Prolactin is a polypeptide hormone of 199 amino acids weighing 23 kDa produced by the lactotroph cells of the anterior pituitary which make up 20%. Its main action is to promote lactation, since the act of sucking the mother's breast by the baby increases the secretion of prolactin and it stimulates lactogenesis.
This therefore guarantees a normal lactation adapted to the needs of the baby. There are, however, many other effects of prolactin, which is also produced by males. Prolactin is the only pituitary hormone that suffers constant inhibitory tone from the hypothalamus.
This has been demonstrated by the interruption of communication between the pituitary and the hypothalamus, when the secretion of prolactin increases, while that of other pituitary hormones decreases. However, the regulation of prolactin secretion remains very complex and is determined by different situations and by different substances, still much studied.
However, some substances have a stronger action, being dopamine, for example, the most powerful inhibitory factor. On the contrary, certain situations such as pregnancy and breastfeeding make prolactin levels higher. The Seasonality of prolactin in birds and mammals study, published in the Journal of experimental zoology.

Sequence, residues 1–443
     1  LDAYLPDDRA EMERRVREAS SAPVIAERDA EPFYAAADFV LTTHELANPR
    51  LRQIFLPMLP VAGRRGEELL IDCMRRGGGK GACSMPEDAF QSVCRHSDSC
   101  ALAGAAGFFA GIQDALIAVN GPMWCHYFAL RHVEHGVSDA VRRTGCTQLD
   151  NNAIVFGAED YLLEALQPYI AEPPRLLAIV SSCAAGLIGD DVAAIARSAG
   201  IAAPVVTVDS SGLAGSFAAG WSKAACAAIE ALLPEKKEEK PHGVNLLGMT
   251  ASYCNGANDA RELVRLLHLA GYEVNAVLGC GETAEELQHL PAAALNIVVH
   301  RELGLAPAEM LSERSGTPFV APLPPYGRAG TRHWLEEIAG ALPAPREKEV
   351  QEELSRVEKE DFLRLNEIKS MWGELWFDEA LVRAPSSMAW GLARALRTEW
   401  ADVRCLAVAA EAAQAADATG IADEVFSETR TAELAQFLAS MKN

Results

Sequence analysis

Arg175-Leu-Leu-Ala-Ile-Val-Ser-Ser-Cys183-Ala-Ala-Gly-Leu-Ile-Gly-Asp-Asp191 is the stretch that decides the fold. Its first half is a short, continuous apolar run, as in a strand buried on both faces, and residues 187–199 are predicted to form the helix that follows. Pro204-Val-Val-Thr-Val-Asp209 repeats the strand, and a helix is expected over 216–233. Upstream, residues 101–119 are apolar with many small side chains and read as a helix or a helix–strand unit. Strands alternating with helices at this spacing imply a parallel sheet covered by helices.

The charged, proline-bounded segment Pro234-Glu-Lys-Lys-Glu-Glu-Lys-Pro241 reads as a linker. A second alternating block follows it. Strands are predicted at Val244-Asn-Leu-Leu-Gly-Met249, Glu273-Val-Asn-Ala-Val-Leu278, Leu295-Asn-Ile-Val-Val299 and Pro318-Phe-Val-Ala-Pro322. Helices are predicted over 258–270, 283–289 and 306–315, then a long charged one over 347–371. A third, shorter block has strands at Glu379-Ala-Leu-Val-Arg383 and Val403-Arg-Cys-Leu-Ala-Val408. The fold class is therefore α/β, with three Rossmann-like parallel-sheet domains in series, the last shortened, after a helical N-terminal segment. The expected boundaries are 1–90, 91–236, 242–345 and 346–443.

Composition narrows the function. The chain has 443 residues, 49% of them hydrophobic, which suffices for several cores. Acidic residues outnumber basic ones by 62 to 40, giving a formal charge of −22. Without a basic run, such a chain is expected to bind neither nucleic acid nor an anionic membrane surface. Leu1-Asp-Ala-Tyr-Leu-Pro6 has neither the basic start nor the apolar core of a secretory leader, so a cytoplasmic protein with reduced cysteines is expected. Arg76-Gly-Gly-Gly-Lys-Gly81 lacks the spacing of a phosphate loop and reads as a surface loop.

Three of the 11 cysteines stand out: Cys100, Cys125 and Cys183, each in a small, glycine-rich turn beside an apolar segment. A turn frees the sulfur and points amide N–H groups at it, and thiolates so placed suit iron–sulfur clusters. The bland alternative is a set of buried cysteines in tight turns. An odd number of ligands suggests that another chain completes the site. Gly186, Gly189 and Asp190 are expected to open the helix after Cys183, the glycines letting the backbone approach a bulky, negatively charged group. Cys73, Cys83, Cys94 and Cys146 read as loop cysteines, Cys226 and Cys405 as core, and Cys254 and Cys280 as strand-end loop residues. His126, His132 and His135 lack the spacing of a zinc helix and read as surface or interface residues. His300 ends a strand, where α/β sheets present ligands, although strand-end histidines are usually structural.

Part A, Ecological and integrative physiology, said: "In most animals, annual rhythms in environmental cues and internal programs regulate seasonal physiology and behavior. Prolactin, an evolutionarily ancient hormone, serves as a molecular correlate of seasonal timing in most species.
Prolactin is highly pleiotropic with a wide variety of well-documented physiological effects;in a seasonal context prolactin is known to regulate annual changes in pelage and molt.While short-term homeostatic variation of prolactin secretion is under the control of the hypothalamus, long-term seasonal rhythms of prolactin are programmed by endogenous timers that reside in the pituitary gland.
The molecular basis of these rhythms is generally understood to be melatonin dependent in mammals.Prolactin rhythmicity persists for several years in many species, in the absence of hypothalamic signaling. Such evidence in mammals has supported the hypothesis that seasonal rhythms in prolactin derive from an endogenous timer within the pituitary gland that is entered by external photoperiod.
In this review, we describe the conserved nature of prolactin signaling in birds and mammals and highlight its role in regulating multiple diverse physiological systems. The review will cover the current understanding of the molecular control of prolactin seasonality and propose a mechanism by which long-term rhythms may be generated in amniotes."